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KEY POINTS

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  • Physician perspectives on medication therapy management (MTM) will vary widely.

  • Many physicians, dealing with increasing regulations and paperwork, likely will see MTM as simply more paperwork.

  • Physicians are faced with eroding autonomy, increasing administrative burdens, medical group and hospital consolidation, onslaughts of new patients, and implementation of the Patient Protection and Affordable Care Act.

  • MTM will be resisted by physicians to the degree that it is perceived as increasing administrative burdens.

  • MTM has the potential to help with transformational changes in healthcare, such as the patient-centered medical home and continuity of care.

  • Real-time interactions between prescribers and pharmacists at the time of the patient encounter would undoubtedly improve patient care.

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INTRODUCTION

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As defined by Medicare, the goal of medication therapy management (MTM) is to optimize therapeutic outcomes for individual patients. As described elsewhere in this book MTM encompasses the following services:

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  1. Assessment of the patient's health status

  2. Formulation of a medication treatment plan

  3. Selection of medication

  4. Monitoring and evaluating the patient's response to therapy, including safety and effectiveness

  5. Performing a comprehensive medication review to identify, resolve, and prevent medication-related problems, including adverse drug events

  6. Documenting the care delivered and communicate essential information to the patient's other primary care providers

  7. Providing verbal education and training designed to enhance patient understanding and the appropriate use of medications

  8. Provide information, support services, and resources designed to enhance patient adherence to therapeutic regimens

  9. Coordinate and integrate MTM services within the broader healthcare services being provided to the patient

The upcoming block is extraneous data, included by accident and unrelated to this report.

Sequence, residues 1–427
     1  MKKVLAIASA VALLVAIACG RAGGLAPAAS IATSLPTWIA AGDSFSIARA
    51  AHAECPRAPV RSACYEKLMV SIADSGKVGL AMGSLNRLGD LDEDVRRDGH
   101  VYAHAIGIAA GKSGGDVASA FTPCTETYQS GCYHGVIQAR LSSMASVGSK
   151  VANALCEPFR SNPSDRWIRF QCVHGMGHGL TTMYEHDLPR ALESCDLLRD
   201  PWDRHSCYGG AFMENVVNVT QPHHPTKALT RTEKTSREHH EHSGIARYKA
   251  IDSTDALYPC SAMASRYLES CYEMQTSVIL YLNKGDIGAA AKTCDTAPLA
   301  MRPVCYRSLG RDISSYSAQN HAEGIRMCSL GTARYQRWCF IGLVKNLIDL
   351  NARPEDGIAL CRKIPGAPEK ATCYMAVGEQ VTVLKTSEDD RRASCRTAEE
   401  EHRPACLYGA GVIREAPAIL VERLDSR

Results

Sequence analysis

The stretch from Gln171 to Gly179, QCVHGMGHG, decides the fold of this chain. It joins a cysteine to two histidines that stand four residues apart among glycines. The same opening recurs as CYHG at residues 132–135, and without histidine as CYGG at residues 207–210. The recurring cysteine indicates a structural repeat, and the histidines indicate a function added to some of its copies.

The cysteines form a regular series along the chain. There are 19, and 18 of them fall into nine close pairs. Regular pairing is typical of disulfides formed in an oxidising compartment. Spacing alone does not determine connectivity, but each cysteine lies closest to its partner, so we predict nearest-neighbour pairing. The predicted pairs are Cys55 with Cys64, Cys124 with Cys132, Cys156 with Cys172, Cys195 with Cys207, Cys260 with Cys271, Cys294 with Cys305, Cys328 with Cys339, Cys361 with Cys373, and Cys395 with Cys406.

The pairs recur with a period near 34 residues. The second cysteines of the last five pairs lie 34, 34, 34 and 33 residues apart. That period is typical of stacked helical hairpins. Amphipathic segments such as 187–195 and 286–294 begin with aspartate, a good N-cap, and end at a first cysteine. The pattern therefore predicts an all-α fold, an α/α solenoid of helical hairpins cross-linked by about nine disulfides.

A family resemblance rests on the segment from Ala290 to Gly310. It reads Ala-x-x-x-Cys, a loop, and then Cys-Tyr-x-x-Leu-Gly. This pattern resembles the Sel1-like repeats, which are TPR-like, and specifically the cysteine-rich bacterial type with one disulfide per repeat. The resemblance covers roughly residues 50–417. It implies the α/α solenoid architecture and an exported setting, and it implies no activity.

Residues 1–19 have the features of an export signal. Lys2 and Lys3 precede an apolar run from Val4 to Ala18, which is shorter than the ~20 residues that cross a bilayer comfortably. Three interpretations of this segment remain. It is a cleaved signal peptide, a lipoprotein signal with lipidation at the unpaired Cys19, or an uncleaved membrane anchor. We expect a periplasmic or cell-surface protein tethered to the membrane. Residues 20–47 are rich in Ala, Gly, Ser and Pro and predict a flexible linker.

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Established in 2003 and implemented in 2006 as part of Medicare Part D to help enrollees avoid drug-related problems and achieve desired clinical benefits from medications, MTM has had limited success over the last 7 years. Prior to 2010, when requirements were clarified, there were wide variations in MTM program components. Some pharmacist-led initiatives demonstrated that pharmacists could identify drug-related issues, but there was scarce data available on the overall effectiveness of MTM services.1 It was not until January 2013 that the Centers for Medicare and Medicaid Services (CMS) sent physicians a guide to MTM, emphasizing that as part of Medicare Part D, patients may be contacted by MTM providers, and patients may be asking physicians if they would benefit from MTM services. The goal of improving medication management is laudable, but many issues related to the implementation remain unresolved. Regardless, it is clear from their advance notices that CMS will continue to encourage more widespread use of MTM for targeted chronic diseases and to encourage shared decision-making by providing incentives to both patients as well as providers.

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PHYSICIAN ATTITUDES

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Physician perspectives on MTM will vary widely. Many physicians, dealing with increasing regulations and paperwork, likely will see MTM as simply more paperwork. Most physicians would consider items 1 to 4 above as being within their domain or responsibility and may see MTM as infringing on ...

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